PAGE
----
AMD launched an offensive late last year with the massive reveal of Ryzen, and had a more detailed tease at CES 2017 last week - but now, Intel has seemingly reacted by adding Hyper-Threading technology to some its new Kaby Lake-based range of Pentium processors.
Not all of the new Pentium CPUs will receive HT, but TechPowerUp reports that the list includes the "Pentium G4620 (3.7GHz base frequency and integrated graphics HD 630, $93) and G4600 (3.6GHz base frequency, $82), both at 51 W TDP; G4560 (54W TDP at 3.5GHz and integrated HD 610 graphics, $64); and the Pentium G4600T (3GHz, HD 630, $75) and G4560T (2.9GHz, HD 610, $64) slot in as the low power Pentium offerings with a 35W TDP".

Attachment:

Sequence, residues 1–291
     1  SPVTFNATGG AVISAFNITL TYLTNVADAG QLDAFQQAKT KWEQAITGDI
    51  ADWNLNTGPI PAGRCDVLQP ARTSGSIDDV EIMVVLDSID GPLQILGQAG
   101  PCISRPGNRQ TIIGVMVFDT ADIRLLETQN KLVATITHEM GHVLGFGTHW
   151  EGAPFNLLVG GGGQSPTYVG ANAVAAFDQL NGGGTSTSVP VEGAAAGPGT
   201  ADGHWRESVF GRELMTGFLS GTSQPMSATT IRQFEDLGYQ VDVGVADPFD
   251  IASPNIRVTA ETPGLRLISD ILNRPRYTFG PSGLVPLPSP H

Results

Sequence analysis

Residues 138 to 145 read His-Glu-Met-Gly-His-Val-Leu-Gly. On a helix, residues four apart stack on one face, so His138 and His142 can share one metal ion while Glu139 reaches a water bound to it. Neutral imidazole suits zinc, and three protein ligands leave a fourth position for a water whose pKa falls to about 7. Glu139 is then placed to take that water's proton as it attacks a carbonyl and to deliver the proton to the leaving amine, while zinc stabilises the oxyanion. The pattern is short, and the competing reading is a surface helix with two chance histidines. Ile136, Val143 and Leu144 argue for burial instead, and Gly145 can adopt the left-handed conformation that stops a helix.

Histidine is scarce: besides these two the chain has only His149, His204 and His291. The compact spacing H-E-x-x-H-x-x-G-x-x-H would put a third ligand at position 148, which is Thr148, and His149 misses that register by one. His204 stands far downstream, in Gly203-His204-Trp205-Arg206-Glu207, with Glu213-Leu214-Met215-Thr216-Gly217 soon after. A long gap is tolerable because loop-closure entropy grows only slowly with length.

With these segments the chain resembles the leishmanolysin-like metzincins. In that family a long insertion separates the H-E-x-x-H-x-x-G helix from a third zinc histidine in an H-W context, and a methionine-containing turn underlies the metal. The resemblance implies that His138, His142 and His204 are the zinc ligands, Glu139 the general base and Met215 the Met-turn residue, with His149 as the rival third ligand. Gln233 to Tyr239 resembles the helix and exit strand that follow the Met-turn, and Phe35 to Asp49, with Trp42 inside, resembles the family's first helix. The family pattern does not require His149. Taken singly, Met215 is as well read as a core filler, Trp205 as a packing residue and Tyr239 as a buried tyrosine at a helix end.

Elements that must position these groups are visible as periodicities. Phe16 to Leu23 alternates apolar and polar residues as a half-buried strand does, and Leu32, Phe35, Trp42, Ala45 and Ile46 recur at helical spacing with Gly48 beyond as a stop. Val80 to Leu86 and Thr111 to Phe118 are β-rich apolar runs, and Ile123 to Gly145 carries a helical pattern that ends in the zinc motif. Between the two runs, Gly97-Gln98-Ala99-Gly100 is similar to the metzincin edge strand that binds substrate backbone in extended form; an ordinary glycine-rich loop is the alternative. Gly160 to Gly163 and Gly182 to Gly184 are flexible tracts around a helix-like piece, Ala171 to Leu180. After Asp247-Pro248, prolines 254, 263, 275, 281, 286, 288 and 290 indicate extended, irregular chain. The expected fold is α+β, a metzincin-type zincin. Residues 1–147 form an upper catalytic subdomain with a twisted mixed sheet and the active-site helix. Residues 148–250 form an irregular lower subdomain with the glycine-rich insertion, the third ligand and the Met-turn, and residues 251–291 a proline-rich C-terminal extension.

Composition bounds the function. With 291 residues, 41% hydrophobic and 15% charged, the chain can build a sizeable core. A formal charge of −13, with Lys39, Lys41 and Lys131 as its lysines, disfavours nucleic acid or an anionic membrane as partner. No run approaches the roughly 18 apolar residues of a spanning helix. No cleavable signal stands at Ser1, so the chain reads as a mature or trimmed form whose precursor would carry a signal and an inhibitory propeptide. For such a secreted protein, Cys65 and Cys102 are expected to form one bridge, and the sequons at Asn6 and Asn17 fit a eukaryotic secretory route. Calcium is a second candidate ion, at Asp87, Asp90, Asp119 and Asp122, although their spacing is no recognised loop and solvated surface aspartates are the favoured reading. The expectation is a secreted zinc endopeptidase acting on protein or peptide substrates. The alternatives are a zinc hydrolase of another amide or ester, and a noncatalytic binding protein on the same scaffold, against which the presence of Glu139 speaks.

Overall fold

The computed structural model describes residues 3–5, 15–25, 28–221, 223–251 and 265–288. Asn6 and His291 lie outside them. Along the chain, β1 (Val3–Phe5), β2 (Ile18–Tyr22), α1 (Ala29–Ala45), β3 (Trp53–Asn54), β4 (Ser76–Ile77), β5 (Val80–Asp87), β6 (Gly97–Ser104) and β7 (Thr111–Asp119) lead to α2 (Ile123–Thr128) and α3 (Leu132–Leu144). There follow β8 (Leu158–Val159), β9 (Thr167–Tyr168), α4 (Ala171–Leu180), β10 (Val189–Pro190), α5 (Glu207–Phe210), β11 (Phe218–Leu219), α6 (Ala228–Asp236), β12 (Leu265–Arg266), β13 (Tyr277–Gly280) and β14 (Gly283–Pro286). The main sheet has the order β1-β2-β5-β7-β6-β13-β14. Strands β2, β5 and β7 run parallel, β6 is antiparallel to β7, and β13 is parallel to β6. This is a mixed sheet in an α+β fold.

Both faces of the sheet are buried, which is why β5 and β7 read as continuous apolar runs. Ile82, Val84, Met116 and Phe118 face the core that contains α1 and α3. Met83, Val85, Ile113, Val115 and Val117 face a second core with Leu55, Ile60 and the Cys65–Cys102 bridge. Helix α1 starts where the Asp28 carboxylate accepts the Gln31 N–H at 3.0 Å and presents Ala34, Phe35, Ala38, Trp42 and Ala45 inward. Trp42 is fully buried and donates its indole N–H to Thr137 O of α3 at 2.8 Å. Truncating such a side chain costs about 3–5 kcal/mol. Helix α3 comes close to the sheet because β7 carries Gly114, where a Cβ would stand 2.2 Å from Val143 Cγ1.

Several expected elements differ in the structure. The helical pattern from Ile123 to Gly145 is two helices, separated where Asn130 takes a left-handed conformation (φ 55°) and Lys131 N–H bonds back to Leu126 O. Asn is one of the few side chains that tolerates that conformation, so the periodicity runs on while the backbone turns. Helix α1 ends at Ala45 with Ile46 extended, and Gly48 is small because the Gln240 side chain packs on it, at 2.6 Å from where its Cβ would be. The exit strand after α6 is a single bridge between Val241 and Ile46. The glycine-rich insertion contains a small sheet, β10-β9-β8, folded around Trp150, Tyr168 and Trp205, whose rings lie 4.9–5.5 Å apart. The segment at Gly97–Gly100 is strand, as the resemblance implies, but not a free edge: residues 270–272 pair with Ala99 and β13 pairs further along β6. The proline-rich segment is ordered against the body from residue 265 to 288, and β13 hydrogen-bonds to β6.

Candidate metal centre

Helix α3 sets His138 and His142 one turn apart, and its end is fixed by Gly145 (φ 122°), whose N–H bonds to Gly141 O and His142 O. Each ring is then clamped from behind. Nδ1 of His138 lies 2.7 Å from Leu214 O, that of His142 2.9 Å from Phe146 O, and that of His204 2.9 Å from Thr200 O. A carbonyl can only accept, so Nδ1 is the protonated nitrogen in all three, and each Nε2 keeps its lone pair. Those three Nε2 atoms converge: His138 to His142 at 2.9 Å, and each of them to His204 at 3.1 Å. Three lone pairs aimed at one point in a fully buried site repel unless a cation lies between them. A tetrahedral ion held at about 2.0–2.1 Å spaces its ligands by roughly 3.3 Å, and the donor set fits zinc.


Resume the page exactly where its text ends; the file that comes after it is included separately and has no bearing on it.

But now that some of the new Pentium processors feature Hyper-Threading support, how will Intel make consumers see a difference between the Core i3 models? The company Advanced Vector Instructions 2 (AVX2) extension set, which is mainly used for database processing and video editing - so Intel is hoping there is still a market for a slice of consumers who will buy a HT-enabled Pentium processor over the slightly cheaper Core i3.
The pricing is also a little cheaper, with the new Kaby Lake-based Core i3 processors having a $50+ premium over the new Pentium chips, but will the performance be much better? Well, the new Core i3-7100 and Pentium G4620 are only 200MHz apart and with AVX2 being the only difference, why would you pay more?